A friend recently asked me, “What have you learned now that you have 3 kids?” He and his wife are contemplating having their first. So what can I teach them with all my infinite, acquired wisdom?
I certainly don’t feel like an expert. I don’t have much figured out. And, honestly, I attribute a lot of this new-found easy-breezy approach to parenthood to laziness and exhaustion.
But, I guess there are a handful of lessons I could share.
1. Baby socks are, like, no. The dumbest ever. With the exception of Trumpette brand socks, I have never found a pair that stays on my kids’ feet for more than 30 minutes. And after the baby is coordinated enough to pull them off, it doesn’t matter what brand they have on. Die in a fire, baby socks.
This winter, because I get that it’s kind of like child abuse to take your baby out barefoot when it’s below freezing, Lowell rocked a pair of Robeez (faux) fur-trimmed booties. They stayed on, looked stylish, and kept him warm with no socks required. Literally the only pair of shoes he owns for now. (Because baby SHOES are even dumber than baby socks. PLEASE know this.)
2. Do not take the whole damn nursery with you when you leave the house. No. You don’t need a portable medicine cabinet for a trip to the mall. No. You don’t need 4 toys and 2 changes of clothes. YOU ARE GOING AWAY FOR 3 HOURS. Stop. Unload. Put in a few diapers, some wipes, a light blanket (so very multipurpose), and a pacifier (or, okay, 6 of those) if your baby takes them. Your aching back will thank me. Nobody wins Martyr MacGyver points for being the parent at the park with the Mary Poppins bag.
On that note, keep a diaper bag loaded and ready to go. Not hard to do when you don’t have so much to stuff in there.
And another related note, find a good chiropractor.
3. You will sleep at night. You ALL will sleep at night. You will. Eventually. Trust, I do not mean to make light of sleep deprivation. It is hell, and it is serious, and it leads to desperation. It can also lead to depression and anxiety. Make sleep a priority, for sure. Do not do this at the expense of feeling like a failure because your 6 month old isn’t sleeping through the night, though.
I’m not saying don’t try methods that you have researched to help make this happen. I’m just saying to remember that it WILL happen someday. And in the meantime, you nap the nap out of naps when you can, and don’t give a flying crap if everything else is falling apart around you. That pile of laundry might actually make a comfy place to lay your head.
4. That leads me to self-care. Take care of yourself! No, really. I know everyone says that. I mean it. Drink more water. Take it everywhere with you. Know the signs of postpartum depression and anxiety, and know that it can set in long after that 6 week postpartum mark. Ask for help. ACCEPT help. Eat. Do things you enjoy just because you enjoy them, even if they have nothing to do with your baby.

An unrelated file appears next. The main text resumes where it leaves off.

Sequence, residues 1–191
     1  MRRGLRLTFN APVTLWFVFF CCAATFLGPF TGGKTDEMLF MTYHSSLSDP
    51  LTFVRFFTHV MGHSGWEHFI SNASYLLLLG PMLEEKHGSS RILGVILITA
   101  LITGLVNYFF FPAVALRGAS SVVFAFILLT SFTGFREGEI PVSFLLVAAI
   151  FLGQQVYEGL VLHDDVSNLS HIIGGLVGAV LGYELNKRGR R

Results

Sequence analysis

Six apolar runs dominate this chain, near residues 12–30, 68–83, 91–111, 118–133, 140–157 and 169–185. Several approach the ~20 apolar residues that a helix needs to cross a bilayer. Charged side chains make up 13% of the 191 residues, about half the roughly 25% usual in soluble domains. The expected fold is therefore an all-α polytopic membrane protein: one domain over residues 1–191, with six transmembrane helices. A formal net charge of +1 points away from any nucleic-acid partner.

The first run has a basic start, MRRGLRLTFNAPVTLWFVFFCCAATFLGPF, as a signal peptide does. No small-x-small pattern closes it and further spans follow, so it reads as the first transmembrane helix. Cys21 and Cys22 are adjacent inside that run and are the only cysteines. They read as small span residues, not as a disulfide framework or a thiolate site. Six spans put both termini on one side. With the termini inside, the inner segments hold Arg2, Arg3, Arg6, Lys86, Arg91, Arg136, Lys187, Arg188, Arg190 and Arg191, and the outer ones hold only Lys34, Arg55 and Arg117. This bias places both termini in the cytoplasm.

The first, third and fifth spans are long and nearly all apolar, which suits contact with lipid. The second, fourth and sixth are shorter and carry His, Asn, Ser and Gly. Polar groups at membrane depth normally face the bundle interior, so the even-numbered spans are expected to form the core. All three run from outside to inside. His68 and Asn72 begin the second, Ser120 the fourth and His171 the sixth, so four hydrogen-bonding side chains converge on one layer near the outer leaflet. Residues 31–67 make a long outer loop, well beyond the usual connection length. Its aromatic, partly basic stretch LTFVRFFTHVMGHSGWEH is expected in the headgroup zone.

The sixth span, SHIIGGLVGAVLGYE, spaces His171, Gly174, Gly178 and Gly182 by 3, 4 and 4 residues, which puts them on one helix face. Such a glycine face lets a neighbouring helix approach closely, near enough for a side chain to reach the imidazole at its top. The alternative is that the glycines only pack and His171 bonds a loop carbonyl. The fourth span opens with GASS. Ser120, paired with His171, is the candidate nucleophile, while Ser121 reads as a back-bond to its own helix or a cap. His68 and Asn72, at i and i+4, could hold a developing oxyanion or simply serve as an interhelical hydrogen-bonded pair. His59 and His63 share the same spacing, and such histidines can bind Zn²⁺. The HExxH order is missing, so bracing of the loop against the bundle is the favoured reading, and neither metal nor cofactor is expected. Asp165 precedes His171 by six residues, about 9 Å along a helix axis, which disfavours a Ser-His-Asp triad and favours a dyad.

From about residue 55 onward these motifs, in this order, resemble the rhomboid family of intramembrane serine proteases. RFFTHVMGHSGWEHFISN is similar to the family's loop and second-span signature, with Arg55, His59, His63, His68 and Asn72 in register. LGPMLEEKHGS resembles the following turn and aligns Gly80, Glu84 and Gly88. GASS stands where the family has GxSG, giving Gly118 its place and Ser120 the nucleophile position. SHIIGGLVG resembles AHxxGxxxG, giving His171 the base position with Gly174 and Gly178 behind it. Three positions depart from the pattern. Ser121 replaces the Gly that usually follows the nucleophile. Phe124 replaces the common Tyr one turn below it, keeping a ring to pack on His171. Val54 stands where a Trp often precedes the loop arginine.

5. Buy GOOD baby stuff. Especially if you’re planning to have more than one baby. There are things we got for our first baby that didn’t last 6 months with him. Then there’s stuff like the Stokke Tripp Trapp high chair that I seriously think we will still have when we have grandchildren. Is it more expensive than plastic high chairs? Yes, but it is 10x more durable, washable, and useable. Really think about simplicity and longevity when you buy (or register for) baby items. Not only will you save money in the long run, you’ll keep stuff out of landfills longer.
6. Buy LESS stuff. See, you can afford to buy better baby stuff when you buy less of it. The more kids I have, the less crap I want in this house. We simply don’t have the room. Simplicity is the key to my sanity! Keep fewer bottles, sippy cups, and bibs in the kitchen. You don’t need one of each brand. Once you find what works for you, stick with it, get a few, and donate the rest. Babies don’t really need special baby plates or baby spoons or baby bowls.
And clothes? Just remember the more you have, the more you have to wash. Stick to cute separates that mix and match easily, from brands that wear well. Add in special outfits for special occasions, and remember that not every day is a special occasion. And, it’s perfectly fine for your baby to wear footie pajamas all day. Yup, even to the grocery store.
9. Purge. Constantly. Even if you’re consciously buying only good stuff, and less of it, it will still take over your house like a multi-colored-plastic-with-a-dash-of-wood-because-good-parents-buy-wood-toys-right? monster. Donate it, sell it, but think through if packing it away for future use is the best option.
Personally, we don’t have the storage space to save every item of clothing. I’m glad I didn’t waste the Rubbermaid tubs on doing so since each child was born in a different season, and there’s 5 years between the boys. I saved the good-quality, unisex stuff, and the special outfits that work for several seasons. They all take up just one bin’s worth of space. Remember that hand-me-downs come and go, and there are always good deals to be found on Craigslist and consignment sales.
8. Kids are resilient, and I believe there’s a reason they don’t remember the first few years. You will mess up. EVERYONE messes up. Welcome to the club. Let’s have a drink.
9. Don’t go lax on safety. Laws, regulations, and recommendations are constantly changing. What you did with your first baby may not be the safest option by the time the 3rd baby comes. For me, when it comes to stuff like car seat safety, I try to stay up to date on the newest recommendations.
10. It really does go fast… and also slow… and there is nothing you can do about it. Savor moments when you can, try not to feel guilty for the moments you want to time travel past bedtime that night, and always say yes to sloppy baby kisses.